A Year in Twelve Sentences
Your birthday passes, and we treat it like a festival, worried if we do not honor your life enough it will leave more quickly.
I can’t count how many miracle stories I have heard, people whose mothers and fathers and cousins were saved, and it starts to give me hope, the kind that scares me,
how erratic it can be.
Easter happens, Jesus doesn’t die, and we wonder what happens if our Jesus doesn't love us enough.
My mother reads the text you sent her for her birthday, but when she calls, your wife says
you cannot speak, only smile.
I see you on Facebook, and you look like an alien, so much so I run to my roommate
who hates crying, but that doesn't stop me from drowning in front of her.
Relay for Life, they parade you around, wearing you on their shirts like a mascot,
and when I look at you, I smile, because you don’t care.
Your mother hasn't heard from you.
You visit your mother and she rubs your back, calls my mother to see you, and takes a picture of your cavernous face next to hers that she will keep on her phone— matching skeletons.
You send me a text for my birthday and I tell you of a dream I had where we baked a pie and you laugh at those damn apples, jumping so we could not catch them.
Octoberscreaming across the reservoir, alone, picturing you collapsing, like Jesus and the cross, except the cross has eaten you.
October November?November I am scared when my period comes three days after it ended
until I realize the days have continued without me.
It snows, and I feel like I’m wearing someone else— this new skin doesn’t quite fit.
To The Woman Who Asked Why I Looked Like That
When I was five, I ran into a parked car on my new Barbie bicycle. I had started from the top of my neighbor’s Mount Everest driveway, racing like a meteor, crashing, fully intending to stop for the forest green dinosaur before metal collided with pink plastic, and bone vibrated against cold skin, reducing my body to that of a steel drum, arm split open like the edge of a volcano.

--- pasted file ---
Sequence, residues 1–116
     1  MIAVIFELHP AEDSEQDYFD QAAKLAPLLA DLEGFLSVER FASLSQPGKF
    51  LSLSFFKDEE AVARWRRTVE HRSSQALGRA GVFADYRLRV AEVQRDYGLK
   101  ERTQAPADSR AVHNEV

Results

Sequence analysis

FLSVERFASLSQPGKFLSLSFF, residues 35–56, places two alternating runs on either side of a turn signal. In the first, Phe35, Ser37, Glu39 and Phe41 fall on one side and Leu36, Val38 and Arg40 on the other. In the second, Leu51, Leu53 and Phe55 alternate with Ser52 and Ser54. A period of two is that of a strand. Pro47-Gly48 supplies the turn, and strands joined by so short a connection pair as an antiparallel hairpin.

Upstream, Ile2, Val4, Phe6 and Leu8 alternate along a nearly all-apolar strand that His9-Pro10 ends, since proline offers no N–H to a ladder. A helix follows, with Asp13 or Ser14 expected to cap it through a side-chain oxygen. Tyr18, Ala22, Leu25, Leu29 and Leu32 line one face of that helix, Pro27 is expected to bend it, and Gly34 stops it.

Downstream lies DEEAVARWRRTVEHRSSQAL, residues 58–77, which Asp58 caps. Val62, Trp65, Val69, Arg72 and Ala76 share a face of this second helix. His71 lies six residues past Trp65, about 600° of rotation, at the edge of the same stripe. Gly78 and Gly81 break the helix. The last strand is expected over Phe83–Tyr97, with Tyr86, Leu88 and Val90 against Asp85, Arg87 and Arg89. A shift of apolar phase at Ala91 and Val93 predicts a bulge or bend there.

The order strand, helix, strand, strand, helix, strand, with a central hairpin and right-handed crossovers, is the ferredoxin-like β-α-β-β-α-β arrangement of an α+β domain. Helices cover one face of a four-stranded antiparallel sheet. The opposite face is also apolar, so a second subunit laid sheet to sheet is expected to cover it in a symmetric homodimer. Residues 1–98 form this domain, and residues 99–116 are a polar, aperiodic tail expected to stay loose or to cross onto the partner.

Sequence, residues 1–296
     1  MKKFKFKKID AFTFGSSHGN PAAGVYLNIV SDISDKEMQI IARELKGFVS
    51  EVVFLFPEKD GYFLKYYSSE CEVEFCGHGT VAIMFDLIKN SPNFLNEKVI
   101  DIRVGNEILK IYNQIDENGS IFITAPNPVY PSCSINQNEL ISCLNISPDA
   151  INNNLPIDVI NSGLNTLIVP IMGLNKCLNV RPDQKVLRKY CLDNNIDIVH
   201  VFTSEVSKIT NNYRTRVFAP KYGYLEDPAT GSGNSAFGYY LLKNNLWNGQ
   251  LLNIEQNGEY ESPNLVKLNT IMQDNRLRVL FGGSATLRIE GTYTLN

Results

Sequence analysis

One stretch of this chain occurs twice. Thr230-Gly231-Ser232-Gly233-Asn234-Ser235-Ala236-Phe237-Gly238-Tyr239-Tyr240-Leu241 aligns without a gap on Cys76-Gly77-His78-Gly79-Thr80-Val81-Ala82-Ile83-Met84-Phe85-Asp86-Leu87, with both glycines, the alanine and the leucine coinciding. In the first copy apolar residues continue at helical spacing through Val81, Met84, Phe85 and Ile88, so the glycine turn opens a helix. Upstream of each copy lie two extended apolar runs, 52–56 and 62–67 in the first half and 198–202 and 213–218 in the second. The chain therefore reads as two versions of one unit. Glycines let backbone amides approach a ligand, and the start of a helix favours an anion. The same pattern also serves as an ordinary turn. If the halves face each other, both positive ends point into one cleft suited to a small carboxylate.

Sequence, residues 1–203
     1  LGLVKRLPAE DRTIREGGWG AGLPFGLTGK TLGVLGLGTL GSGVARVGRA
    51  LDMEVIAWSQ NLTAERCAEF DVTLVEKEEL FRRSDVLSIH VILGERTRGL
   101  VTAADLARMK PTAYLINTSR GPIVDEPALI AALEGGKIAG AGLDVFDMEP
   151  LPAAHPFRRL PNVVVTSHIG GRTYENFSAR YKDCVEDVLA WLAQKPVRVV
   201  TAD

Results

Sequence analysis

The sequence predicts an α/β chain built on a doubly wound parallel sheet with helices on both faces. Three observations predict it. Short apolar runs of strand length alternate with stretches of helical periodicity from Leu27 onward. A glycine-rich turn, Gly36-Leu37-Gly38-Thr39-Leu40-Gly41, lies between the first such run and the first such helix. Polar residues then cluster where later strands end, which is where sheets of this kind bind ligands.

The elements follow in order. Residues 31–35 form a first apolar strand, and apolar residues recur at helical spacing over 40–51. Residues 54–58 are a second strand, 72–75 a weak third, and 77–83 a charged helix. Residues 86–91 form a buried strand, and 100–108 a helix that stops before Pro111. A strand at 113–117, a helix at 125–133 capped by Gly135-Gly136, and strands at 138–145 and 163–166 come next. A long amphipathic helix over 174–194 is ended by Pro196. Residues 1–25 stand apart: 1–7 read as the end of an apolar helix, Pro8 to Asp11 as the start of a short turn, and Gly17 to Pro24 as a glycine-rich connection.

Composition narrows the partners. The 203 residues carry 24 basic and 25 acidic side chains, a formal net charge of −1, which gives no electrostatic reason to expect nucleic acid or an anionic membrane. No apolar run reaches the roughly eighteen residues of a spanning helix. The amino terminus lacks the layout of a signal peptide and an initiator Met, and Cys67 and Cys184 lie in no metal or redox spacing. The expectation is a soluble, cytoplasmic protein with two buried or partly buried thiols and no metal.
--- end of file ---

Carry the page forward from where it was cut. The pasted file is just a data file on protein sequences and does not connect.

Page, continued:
I don’t know how I got to the house. For what felt like hours, I lay there, small body curled and cradling my arm like a child, this useless limb. I looked up at the driver’s side door, thick red streaks finger painted on the green, and later laughed at the thought of an unsuspecting man coming home to this crime scene blood splatter. I pictured his hand trembling as he ran his oil and grime finger down the side, and how frantic, he’d drive home, and wash it off like Lady Macbeth.
My dad was in the bathroom, and I walked in without knocking, holding the arm in front of me, like the feral wolf children we saw on the nighttime news. He ran, a flurry of gauze and alcohol, picking gravel out of muscle, a homemade wrap. They hadn’t even noticed my nose, a little more to the right than it should have been. The doctor didn’t do anything, said I was young enough; it would go back to normal.
But it calloused, raised itself off the thin bridge, hardening like a bone and blood tumor until I look sculpted, a cubist painting, no longer like my father or mother, but something in a museum. When I came back in and showed him, my new crooked battle scar awkwardly splitting my face. I said that I looked broken. He said he couldn’t tell the difference.
Emily Tuttle is a graduate of the University of Maryland College Park, where she was editor of two on campus journals and editorial assistant to 'Poet Lore' for two years. She has been awarded the Jimenez-Porter Literary Prize for Poetry. Previously, she has been published in District Lit, Blotterature, the Doctor TJ Eckleburg Review, and Sigma Tau Delta's 'Rectangle,' among others.